In summary, then, the compensation apparatus of the present invention extends the bandwidth and enhances the stability of an electrohydraulic servovalve, and secures these advantages by altering only the open loop transfer function characteristic, while leaving the closed loop characteristic unchanged. As a direct consequence of this compensation apparatus, the electohydraulic servovalve exhibits stability over an extended bandwidth, even when the closed loop gain is less than one.
The derivation of the transfer functions expressed in equations (5) and (6), is based on the circuit diagram of FIG. 5. Other circuit diagrams having the same transfer functions are conceivable. Well-known techniques exist in the control system and electronics art for the construction of circuits having desired system transfer functions. It is believed that the circuit diagram of FIG. 5 is an optimal implementation of such transfer functions and is therefore preferred. However, it is intended that all such circuits which have frequency domain transfer functions corresponding to those indicated above fall within the scope of the present invention.
The present invention, in summary, may be employed to improve the response characteristic of an electrohydraulic servovalve. Although specific embodiments of the present invention have been described herein, it will be obvious to those skilled in the art that various modifications may be made without departing from the spirit of the invention. For example, the compensation apparatus may be employed with any physical element whose defining parameters are in correspondence with those of a two-stage electrohydraulic servovalve. With the foregoing in mind, it is understood that the invention is intended to be limited solely by the appended claims.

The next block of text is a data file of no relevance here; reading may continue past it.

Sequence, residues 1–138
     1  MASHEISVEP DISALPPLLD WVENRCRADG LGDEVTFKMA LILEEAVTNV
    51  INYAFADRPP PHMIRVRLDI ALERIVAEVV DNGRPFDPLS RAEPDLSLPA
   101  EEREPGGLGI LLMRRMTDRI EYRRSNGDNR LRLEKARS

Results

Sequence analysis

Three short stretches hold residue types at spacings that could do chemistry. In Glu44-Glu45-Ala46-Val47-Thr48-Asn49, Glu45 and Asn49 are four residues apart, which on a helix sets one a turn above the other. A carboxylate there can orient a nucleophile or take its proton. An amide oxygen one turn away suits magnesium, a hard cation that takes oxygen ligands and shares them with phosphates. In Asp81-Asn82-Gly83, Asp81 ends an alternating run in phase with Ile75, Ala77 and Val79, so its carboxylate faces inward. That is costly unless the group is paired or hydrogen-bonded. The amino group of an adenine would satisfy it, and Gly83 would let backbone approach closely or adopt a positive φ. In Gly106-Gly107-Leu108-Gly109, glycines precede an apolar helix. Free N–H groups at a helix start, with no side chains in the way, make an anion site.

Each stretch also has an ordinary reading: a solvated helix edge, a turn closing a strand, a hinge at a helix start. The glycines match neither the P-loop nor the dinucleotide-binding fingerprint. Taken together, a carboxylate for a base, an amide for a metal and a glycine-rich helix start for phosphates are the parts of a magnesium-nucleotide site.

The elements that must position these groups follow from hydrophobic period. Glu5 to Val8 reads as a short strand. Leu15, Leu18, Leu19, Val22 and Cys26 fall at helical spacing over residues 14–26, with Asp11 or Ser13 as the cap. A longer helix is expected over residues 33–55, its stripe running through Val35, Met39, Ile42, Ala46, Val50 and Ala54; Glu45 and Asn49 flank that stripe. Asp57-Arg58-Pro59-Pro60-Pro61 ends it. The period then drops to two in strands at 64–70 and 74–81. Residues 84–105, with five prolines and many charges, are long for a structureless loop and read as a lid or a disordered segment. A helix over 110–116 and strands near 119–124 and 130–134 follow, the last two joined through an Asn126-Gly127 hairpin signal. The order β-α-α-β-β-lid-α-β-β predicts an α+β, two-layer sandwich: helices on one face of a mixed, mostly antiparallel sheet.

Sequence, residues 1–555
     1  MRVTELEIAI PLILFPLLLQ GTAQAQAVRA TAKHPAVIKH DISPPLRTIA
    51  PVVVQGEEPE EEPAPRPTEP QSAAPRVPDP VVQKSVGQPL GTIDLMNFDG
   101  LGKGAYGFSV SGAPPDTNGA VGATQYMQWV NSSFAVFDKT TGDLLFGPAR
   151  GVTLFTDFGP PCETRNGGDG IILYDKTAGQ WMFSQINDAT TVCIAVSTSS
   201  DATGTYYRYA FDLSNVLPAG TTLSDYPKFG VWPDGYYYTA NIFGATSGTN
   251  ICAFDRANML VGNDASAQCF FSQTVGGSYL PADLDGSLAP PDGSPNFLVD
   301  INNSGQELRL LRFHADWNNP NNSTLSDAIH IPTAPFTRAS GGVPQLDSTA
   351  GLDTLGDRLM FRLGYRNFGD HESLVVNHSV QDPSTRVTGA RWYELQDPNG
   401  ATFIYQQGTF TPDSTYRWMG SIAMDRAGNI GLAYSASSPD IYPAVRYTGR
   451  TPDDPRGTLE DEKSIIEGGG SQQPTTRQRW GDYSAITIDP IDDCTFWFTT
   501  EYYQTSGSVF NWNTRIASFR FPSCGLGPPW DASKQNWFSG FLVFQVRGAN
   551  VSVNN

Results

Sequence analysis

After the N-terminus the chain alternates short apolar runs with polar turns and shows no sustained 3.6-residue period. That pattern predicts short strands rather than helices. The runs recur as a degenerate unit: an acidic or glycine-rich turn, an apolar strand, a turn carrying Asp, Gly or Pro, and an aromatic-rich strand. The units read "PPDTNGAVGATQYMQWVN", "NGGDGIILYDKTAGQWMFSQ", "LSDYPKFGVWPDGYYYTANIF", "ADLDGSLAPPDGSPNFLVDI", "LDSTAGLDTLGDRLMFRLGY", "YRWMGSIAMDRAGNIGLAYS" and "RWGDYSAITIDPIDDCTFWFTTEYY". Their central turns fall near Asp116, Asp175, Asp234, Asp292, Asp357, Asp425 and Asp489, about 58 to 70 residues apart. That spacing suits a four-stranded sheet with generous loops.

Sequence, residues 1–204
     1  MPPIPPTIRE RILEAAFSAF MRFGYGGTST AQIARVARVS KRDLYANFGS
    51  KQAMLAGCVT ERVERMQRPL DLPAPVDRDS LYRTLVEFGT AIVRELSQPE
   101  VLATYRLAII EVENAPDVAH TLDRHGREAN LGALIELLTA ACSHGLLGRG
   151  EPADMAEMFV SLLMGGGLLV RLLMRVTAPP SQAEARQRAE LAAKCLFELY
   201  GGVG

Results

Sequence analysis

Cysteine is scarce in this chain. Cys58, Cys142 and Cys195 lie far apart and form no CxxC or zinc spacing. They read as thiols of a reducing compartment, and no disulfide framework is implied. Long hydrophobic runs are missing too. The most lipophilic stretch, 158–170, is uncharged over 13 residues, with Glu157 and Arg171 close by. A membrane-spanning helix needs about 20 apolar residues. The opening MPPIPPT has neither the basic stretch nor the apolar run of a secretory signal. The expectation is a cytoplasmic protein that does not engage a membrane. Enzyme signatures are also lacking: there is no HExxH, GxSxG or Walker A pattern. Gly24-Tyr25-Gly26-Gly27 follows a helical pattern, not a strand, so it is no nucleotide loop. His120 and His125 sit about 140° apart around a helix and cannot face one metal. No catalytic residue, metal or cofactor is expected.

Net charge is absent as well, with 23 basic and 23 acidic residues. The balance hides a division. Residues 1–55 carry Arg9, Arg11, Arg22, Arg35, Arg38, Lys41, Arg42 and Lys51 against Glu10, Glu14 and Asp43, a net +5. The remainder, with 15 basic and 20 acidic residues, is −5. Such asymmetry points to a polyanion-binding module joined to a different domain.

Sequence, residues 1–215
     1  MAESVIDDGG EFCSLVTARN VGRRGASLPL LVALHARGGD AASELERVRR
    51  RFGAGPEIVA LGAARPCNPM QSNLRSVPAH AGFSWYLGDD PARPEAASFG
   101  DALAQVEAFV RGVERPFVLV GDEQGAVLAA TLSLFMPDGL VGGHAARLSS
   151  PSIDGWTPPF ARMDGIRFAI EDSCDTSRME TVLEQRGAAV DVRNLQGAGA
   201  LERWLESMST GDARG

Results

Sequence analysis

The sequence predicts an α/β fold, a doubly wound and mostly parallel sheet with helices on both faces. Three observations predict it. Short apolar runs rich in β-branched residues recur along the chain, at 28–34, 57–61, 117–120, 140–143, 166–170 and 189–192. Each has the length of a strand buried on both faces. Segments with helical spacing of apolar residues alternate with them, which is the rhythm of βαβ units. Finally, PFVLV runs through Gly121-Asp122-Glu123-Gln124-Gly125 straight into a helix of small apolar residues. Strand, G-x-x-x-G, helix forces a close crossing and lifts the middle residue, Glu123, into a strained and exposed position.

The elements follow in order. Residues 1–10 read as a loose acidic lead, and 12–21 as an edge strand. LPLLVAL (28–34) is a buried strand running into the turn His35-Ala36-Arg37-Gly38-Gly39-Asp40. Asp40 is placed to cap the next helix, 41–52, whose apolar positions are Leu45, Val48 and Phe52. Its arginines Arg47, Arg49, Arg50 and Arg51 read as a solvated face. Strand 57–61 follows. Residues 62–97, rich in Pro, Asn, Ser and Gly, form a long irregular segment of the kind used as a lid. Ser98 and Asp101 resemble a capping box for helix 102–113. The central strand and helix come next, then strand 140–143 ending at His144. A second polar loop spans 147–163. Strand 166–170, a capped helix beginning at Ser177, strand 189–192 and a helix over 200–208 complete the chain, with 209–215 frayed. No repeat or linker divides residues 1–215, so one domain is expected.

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|U.S. Classification||318/632, 318/561, 318/615|
|Jul 22, 1982||AS||Assignment|
Owner name: SINGER COMPANY, THE BINGHAMTON, N.Y. A CORP. OF N.
Free format text: ASSIGNMENT OF ASSIGNORS INTEREST.;ASSIGNOR:MINNICH, GEORGE E.;REEL/FRAME:004014/0372
Effective date: 19821203
|Sep 8, 1987||FPAY||Fee payment|
Year of fee payment: 4
|Aug 23, 1988||AS||Assignment|
Owner name: LINK FLIGHT SIMULATION CORPORATION, KIRKWOOD INDUS
Free format text: ASSIGNMENT OF ASSIGNORS INTEREST.;ASSIGNOR:SINGER COMPANY, THE, A NJ CORP.;REEL/FRAME:004998/0190
Effective date: 19880425
|Oct 24, 1989||AS||Assignment|
Owner name: CAE-LINK CORPORATION, A CORP. OF DE.
Free format text: MERGER;ASSIGNORS:LINK FLIGHT SIMULATION CORPORATION, A DE CORP.;LINK FACTICAL MILITARY SIMULATION CORPORATION, A CORP. OF DE;LINK TRAINING SERVICES CORPORATION, A CORP. OF DE (MERGED INTO);AND OTHERS;REEL/FRAME:005252/0187
Effective date: 19881130
|Aug 30, 1991||FPAY||Fee payment|
Year of fee payment: 8
|Sep 5, 1995||FPAY||Fee payment|
Year of fee payment: 12
|Jul 22, 1996||AS||Assignment|
Owner name: HUGHES AIRCRAFT COMPANY, CALIFORNIA
Free format text: ASSIGNMENT OF ASSIGNORS INTEREST;ASSIGNOR:CAE-LINK CORPORATION;REEL/FRAME:008059/0305
Effective date: 19950224
|Aug 28, 2000||AS||Assignment|
Owner name: L-3 COMMUNICATIONS CORPORATION, NEW YORK
Free format text: ASSIGNMENT OF ASSIGNORS INTEREST;ASSIGNOR:RAYTHEON CORPORATION;REEL/FRAME:011035/0782
Effective date: 20000210